Trump has stated that he wants to replace Antonin Scalia on the U.S. Supreme Court with "a person of similar views and principles". [337] He has released a list of eleven potential picks to replace Scalia. [338] The jurists are widely considered to be conservative. [338] [339] [340] [341] All are white, and eight of the eleven are men. [339] The list includes five out of the eight individuals recommended by the Heritage Foundation, a conservative think tank. [342] Trump had previously insisted that he would seek guidance from conservative groups such as the Federalist Society and the Heritage Foundation when it came to picking Supreme Court candidates. [339] Several of the judges listed by Trump have questioned abortion rights. [339] Six of the eleven judges have clerked for conservative Supreme Court justices. [339]

Trump has claimed that he "would probably appoint" justices to the Supreme Court who "would look very seriously" at the Hillary Clinton email controversy "because it's a criminal activity." [343] However, under the U.S. Constitution, Supreme Court justices "are neither investigators nor prosecutors." [32]

Trump has criticized Chief Justice of the United States John Roberts, a George W. Bush appointee, as a "nightmare for conservatives," citing Roberts' vote in the 2015 decision in King v. Burwell, which upheld provisions of the Affordable Care Act. [344] He has also blamed Roberts for the June 2015 Supreme Court ruling legalizing same-sex marriage, apparently in error, since in that case Roberts actually dissented from the majority opinion. [345]

In February 2016, Trump called on the Senate to stop Obama from filling the vacant seat on the Supreme Court. [346]

An analysis by FiveThirtyEight shows that, under the assumption that Scalia's vacant seat on the Court will not be filled, and taking account of the advanced age of three of the sitting justices, that a Trump presidency would move the Supreme Court "rightward toward its most conservative position in recent memory". [347]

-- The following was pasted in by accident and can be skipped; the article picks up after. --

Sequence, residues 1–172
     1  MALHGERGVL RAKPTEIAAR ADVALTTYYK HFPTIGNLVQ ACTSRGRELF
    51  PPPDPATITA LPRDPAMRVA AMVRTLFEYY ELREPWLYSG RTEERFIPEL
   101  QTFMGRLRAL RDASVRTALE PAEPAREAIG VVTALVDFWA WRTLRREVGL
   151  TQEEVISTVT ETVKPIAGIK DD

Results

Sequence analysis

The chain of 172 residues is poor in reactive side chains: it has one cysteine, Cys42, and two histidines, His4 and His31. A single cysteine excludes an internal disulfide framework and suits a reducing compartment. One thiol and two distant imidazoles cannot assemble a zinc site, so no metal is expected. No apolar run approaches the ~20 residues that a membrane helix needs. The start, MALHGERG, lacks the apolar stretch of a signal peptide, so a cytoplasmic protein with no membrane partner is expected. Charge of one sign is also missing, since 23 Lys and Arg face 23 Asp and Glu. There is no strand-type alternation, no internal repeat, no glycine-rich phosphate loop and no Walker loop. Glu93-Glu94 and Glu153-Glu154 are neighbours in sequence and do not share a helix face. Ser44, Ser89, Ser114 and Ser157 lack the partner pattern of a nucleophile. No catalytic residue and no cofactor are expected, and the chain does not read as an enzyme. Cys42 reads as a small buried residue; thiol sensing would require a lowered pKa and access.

Comments on judges and judicial decisions

Since taking office, Trump has made a series of "escalating attacks on the federal judiciary" in response to judicial decisions against him. [348] After a federal district judge issued a stay of Trump's executive order on travel, immigration, and refugees, Trump disparaged the judge on Twitter, referring to him as a "the so-called judge" and writing: "[He] put our country in such peril. If something happens blame him and court system. People pouring in. Bad!" [348] [349]

While presidents in the past have sometimes offered muted criticism of judicial opinions, Trump's personal attacks on individual judges are seen as unprecedented in American history. [350] Trump's remarks prompted criticism from his own Supreme Court nominee, Judge Neil Gorsuch, who told Senator Richard Blumenthal that Trump's statements were "disheartening" and "demoralizing" to the federal judiciary. [348] A number of legal scholars feared that Trump's conduct could undermine public confidence in the courts and endanger the independence of the judiciary. [351]

Term limits and ethics regulations

In October 2016, Trump said that he would push for a constitutional amendment to impose term limits on members of Congress, so that members of the House of Representatives could serve for a maximum of six years and Senators for a maximum of twelve years. Trump also pledged to re-institute a ban on executive branch officials from lobbying for five years after leaving government service and said that he supported Congress instituting a similar five-year lobbying ban of its own, applicable to former members and staff. [352] [353] [354] [355] Under current "cooling-off period" regulations, former U.S. Representatives are required to wait one year before they can lobby Congress, former U.S. Senators are required to two years, and former executive-branch officials "must wait either two years or one year before lobbying their former agency, depending on how senior they were." [355]